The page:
There are various ways for a man in an extramarital affair to clandestinely communicate with his paramour — from furtively tapped texts and hormonally-charged email to the old fallback of discreetly couriered flowers or surreptitious phone calls. Another strategy is to get it on in full view. That last gambit is a high-risk move, however, relying as it does on the counter-intuitive ploy that few would suspect something so potent bubbling underneath something so obvious.
Memoirs abound with instances of all of the above. As far as we know, though, only one middle-aged man ever chose to bare aspects of his soul for a woman 23 years his junior by way of a floppy-eared mutt who couldn’t speak but whose thoughts were avidly followed by 335 million fans in at least 21 languages spread out across 75 countries, not least here in the South Seas.
Charles M. Schulz, who died 20 years ago this month, was that kind of man, and Snoopy was that kind of dog.
And Tracey Claudius, the 25-year-old office worker with whom Schulz was having it off in the early 1970s, was that kind of recipient, according to David Michaelis’s 2007 spiky biography of the Peanuts creator, whose legacy is set for oodles of fresh appraisal in 2020 with a slew of events and exhibitions this coming year to mark its 70th anniversary.
Unfortunately for Schulz, his spouse, Joyce, was that kind of wife. She quickly twigged to what was going on and confronted him. He agreed to end the affair. Paw on heart. Alas, the cartoonist’s best-known canine creation had other ideas.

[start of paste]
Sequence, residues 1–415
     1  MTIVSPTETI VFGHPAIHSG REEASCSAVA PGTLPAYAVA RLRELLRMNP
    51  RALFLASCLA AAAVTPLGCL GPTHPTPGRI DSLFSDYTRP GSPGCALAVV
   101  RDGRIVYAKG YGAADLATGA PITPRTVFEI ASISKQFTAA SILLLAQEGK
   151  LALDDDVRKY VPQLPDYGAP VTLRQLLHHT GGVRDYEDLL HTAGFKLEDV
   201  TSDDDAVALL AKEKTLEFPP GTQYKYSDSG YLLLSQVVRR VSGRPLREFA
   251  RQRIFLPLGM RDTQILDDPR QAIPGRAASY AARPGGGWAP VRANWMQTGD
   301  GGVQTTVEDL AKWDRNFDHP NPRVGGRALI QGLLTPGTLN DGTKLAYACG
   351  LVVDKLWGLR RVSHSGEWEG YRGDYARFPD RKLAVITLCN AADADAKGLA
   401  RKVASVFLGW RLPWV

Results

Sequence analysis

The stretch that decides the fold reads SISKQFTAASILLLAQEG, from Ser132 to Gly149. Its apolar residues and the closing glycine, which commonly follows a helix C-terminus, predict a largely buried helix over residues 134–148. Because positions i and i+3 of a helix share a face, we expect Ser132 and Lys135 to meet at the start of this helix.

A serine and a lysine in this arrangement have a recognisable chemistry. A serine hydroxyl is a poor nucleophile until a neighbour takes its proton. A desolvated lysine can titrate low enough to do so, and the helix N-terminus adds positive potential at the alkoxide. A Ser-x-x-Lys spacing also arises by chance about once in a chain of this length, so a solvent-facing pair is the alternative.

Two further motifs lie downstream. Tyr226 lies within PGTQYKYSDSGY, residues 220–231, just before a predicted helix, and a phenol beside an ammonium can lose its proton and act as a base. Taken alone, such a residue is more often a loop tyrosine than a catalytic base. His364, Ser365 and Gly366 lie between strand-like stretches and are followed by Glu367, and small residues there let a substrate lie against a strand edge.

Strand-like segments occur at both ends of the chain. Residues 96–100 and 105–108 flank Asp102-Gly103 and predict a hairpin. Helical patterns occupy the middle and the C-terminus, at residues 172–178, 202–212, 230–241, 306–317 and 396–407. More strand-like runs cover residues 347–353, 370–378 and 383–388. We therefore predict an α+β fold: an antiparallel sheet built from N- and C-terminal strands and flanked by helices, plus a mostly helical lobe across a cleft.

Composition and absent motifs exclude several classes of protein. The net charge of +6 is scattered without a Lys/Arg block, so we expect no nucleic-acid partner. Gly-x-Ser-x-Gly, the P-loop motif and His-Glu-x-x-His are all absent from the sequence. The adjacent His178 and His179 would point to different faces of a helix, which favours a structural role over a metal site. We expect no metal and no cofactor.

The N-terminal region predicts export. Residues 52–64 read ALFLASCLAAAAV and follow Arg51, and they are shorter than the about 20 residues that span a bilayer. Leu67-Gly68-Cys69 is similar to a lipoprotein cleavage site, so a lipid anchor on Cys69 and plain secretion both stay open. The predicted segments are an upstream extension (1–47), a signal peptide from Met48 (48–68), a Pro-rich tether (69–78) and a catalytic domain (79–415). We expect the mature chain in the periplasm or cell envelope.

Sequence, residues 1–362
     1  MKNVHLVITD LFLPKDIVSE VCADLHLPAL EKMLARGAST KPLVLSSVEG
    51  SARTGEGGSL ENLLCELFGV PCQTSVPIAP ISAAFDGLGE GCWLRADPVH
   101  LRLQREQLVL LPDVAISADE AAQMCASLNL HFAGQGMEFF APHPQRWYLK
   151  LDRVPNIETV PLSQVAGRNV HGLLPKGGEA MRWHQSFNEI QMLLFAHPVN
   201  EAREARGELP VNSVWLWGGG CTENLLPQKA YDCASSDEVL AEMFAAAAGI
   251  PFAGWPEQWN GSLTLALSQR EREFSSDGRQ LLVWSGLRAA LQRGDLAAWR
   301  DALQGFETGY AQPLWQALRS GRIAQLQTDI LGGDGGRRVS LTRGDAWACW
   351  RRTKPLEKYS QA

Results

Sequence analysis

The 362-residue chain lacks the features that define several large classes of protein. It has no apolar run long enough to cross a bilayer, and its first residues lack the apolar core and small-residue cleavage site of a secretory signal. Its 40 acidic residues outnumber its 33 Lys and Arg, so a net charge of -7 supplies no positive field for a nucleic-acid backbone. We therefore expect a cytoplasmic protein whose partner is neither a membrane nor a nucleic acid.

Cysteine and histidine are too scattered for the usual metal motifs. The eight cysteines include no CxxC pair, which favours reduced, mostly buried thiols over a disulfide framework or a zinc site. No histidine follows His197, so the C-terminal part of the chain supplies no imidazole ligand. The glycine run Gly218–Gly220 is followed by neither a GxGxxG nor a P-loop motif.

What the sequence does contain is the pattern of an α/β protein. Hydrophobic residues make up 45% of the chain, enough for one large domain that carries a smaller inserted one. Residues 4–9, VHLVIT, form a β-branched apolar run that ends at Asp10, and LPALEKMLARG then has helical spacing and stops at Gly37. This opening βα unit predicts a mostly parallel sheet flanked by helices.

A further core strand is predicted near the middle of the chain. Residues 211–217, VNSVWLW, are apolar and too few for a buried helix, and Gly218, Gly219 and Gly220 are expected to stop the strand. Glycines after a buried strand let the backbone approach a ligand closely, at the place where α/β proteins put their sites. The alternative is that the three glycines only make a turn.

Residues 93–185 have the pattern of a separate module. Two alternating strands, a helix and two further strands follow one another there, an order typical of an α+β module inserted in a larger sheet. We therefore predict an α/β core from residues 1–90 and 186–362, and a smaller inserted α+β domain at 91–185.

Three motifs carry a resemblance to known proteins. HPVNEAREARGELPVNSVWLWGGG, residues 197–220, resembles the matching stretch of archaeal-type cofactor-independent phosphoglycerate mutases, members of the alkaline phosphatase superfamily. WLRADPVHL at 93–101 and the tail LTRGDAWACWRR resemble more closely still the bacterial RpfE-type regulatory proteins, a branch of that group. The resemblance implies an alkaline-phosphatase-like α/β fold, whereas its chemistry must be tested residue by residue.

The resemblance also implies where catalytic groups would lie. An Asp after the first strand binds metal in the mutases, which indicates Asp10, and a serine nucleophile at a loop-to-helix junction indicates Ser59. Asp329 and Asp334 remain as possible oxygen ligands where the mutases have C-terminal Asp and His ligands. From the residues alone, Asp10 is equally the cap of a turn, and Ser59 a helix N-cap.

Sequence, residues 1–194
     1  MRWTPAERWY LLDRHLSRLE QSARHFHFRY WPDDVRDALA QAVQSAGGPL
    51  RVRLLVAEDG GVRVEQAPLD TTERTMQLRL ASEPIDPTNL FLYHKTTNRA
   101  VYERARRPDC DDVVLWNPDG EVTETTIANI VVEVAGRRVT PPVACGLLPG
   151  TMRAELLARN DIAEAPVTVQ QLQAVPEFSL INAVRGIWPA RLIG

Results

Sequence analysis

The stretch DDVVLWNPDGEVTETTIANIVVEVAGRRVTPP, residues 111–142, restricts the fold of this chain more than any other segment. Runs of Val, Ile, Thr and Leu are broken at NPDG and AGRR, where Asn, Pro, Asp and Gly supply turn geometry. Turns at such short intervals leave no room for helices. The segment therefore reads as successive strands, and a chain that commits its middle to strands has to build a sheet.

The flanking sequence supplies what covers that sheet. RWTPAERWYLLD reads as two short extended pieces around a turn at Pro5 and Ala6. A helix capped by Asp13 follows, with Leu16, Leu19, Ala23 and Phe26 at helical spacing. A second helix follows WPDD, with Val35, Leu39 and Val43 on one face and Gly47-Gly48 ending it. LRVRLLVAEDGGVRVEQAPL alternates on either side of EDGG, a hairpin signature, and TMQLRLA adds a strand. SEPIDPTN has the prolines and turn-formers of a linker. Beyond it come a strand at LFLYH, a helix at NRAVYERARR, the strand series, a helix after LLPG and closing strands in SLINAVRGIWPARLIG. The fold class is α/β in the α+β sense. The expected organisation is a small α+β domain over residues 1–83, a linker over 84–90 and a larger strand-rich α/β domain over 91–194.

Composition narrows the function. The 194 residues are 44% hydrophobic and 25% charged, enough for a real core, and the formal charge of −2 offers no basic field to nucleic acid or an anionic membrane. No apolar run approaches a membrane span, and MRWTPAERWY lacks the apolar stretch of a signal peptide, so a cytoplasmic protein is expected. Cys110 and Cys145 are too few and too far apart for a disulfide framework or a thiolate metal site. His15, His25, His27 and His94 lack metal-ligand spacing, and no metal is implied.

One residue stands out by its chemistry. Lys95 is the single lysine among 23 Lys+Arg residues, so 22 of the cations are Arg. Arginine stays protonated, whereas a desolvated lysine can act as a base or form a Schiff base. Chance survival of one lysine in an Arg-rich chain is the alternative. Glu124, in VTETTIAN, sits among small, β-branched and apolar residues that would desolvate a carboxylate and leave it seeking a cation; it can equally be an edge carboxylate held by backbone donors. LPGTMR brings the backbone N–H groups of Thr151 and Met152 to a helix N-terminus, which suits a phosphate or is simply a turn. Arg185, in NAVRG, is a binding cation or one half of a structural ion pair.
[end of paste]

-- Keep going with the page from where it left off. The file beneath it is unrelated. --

Soon enough a sad-eyed Snoopy was back on the romantic case, perched atop of the doghouse, bawling, ‘What do you do when the girl-beagle you love more than anything is taken from you, and you know you’ll never see her again as long as you live?’ Difficult question. Snoopy, shiny nose now in a food bowl, characteristically answered it with eminently sound advice: ‘Back to eating.’ The cartoonist’s first marriage ended shortly afterwards, as did his affair with Claudius, whose first words to him had been to girlishly enthuse about the unalloyed pleasure she got from ‘that stupid beagle’.
Perhaps Schulz had been a bit stupid himself, or at any rate careless, in his own affections.
Snoopy was anything but. Indeed, of the famous Peanuts gang — crabby Lucy, neurotic Linus, bittersweet Franklin and all the rest — he not only was the most memorable but the one who still has the most to say in 2020.
Part of that relevance has to do with Snoopy not being like any other dog. Oh sure, he comes billed as a beagle, but he looks absolutely nothing like a beagle and only ever appears to have been called one in the first place because his creator found ‘beagle’ an amusing word.
Beagles don’t effectively keep humans (and a tiny bird named Woodstock) as their own pets. Nor are they autodidacts who, over the course of nearly 18,000 four-framed newspaper strips, teach themselves to walk on two paws before going on to assume any number of alter egos — here a World War l pilot, moon explorer or a college hipster, there the Easter bunny or a hack writer who fancies himself to be a right Dogstoevsky, but never gets much beyond perching himself atop of the doghouse and tapping out, ‘It was a dark and stormy night…’.